It’s been a long and bumpy road for the proposed George Lucas Museum on Chicago’s lakefront. From the early days, vying to get the nod, to the excitement of winning the bid, we’ve been there from the beginning to keep track of the goings-on with the proposed museum in Techaeris’ back yard. It seems only fitting on Star Wars day that the final nail may have been driven into the coffin of the George Lucas Museum in Chicago.
To be completely accurate, the likely death transpired yesterday, when George Lucas’ wife, Mellody Hobson released a statement to vent her frustrations with the entire process. As you may remember, shortly after releasing some concept images of what a lakefront Lucas Museum might look like, opposition started to arise (I told you we’ve been all over this story!).
You can read Hobson’s full statement below:
My husband and I have worked in earnest for two years, side-by-side with every relevant city agency, community leader, and policy maker, to give what would be the largest philanthropic gift to an American city in the 21st century. From the beginning, this process has been co-opted and hijacked by a small special interest group. When the Friends of the Parks sued the city in order to preserve a parking lot, we were offered a different and feasible solution—the replacement of an underutilized and outdated convention space that would also add more than 12 acres of new parkland. Yet, even with this additional park space, an organization that claims to ‘preserve, protect, improve and promote the use of parks and open space’ now opposes this as well. While they claim to be a ‘strong steward of Chicago and a partner to its progress,’ their actions and decision rob our state of more than $2 billion in economic benefits, thousands of jobs and countless educational opportunities for children and adults alike.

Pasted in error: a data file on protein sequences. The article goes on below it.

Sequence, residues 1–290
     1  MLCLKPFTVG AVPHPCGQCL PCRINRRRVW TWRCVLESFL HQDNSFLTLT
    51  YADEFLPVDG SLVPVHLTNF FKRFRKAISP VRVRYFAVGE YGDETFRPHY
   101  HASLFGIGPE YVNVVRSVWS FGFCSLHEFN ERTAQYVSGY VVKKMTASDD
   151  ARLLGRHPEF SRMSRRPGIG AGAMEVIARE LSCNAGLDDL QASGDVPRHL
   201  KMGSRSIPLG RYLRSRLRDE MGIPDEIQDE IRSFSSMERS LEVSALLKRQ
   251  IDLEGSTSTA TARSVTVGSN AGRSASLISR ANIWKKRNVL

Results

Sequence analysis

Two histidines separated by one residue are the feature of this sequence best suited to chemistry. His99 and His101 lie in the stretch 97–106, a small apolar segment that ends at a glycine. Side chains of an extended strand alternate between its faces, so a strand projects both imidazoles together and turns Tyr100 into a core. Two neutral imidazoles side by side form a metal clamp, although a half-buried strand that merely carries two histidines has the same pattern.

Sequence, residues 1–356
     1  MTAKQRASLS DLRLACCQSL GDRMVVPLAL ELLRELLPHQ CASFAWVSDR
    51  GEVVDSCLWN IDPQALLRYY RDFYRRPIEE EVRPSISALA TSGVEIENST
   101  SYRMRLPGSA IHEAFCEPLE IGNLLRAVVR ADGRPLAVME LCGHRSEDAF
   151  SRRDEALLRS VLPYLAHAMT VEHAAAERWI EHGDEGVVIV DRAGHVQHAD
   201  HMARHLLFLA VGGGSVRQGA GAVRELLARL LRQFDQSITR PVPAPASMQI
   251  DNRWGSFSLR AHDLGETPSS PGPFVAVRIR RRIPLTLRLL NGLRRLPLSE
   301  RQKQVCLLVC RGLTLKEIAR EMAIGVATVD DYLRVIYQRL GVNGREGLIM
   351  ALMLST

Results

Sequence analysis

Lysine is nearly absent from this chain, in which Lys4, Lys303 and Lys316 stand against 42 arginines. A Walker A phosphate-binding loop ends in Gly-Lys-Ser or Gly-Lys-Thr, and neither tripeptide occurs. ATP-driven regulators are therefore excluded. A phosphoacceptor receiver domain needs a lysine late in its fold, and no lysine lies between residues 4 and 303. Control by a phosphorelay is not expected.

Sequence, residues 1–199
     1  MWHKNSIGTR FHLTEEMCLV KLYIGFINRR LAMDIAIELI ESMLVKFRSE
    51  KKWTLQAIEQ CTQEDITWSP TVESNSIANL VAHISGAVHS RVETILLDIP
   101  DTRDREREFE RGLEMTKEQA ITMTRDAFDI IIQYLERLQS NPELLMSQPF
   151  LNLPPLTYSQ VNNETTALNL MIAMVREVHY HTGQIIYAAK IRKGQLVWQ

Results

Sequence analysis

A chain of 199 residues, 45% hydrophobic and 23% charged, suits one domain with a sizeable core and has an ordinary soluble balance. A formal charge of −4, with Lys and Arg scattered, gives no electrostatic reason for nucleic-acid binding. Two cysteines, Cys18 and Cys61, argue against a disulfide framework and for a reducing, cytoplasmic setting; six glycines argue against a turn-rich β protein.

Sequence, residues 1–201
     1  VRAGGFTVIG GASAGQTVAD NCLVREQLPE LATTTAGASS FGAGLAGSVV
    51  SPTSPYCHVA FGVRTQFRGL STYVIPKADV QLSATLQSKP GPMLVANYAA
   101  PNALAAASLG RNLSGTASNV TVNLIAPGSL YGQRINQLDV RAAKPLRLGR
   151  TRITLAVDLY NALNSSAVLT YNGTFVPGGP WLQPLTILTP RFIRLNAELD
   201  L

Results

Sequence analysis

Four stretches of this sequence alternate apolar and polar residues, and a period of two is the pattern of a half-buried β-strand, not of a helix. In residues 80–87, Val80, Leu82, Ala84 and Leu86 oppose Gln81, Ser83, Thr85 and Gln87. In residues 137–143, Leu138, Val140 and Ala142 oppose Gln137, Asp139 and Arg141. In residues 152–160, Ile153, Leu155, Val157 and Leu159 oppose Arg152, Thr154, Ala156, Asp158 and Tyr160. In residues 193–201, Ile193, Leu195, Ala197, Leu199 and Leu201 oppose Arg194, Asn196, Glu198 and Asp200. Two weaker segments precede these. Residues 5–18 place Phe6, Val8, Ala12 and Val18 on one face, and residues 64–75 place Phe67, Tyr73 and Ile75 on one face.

As an African American who has spent my entire life in this city I love, it saddens me that young black and brown children will be denied the chance to benefit from what this museum will offer. As Chair of the Board of After School Matters, which serves 15,000 public high school students in Chicago and has more demand than can ever be met, I have seen firsthand what art can do to spur imagination and creativity, heal the soul and advance society—something so needed right now. This is a city of big shoulders and a metropolis that is second to none. In refusing to accept the extraordinary public benefits of the museum, the Friends of the Parks has proven itself to be no friend of Chicago. We are now seriously pursuing locations outside of Chicago. If the museum is forced to leave, it will be because of the Friends of the Parks and that is no victory for anyone.
Only time will tell if these frustrations will ultimately lead to the demise of this museum in Chicago, but the prospects aren’t looking good at the moment. We are still certainly hoping to get this museum in Chicago, so we’ll see how everything shakes out.
Any Chicago residents have thoughts on this situation? Anybody outside of Chicago want to chime in with what you think? Tell us in the comment section below, or on Facebook, Google+, or Twitter.Source: CBS Chicago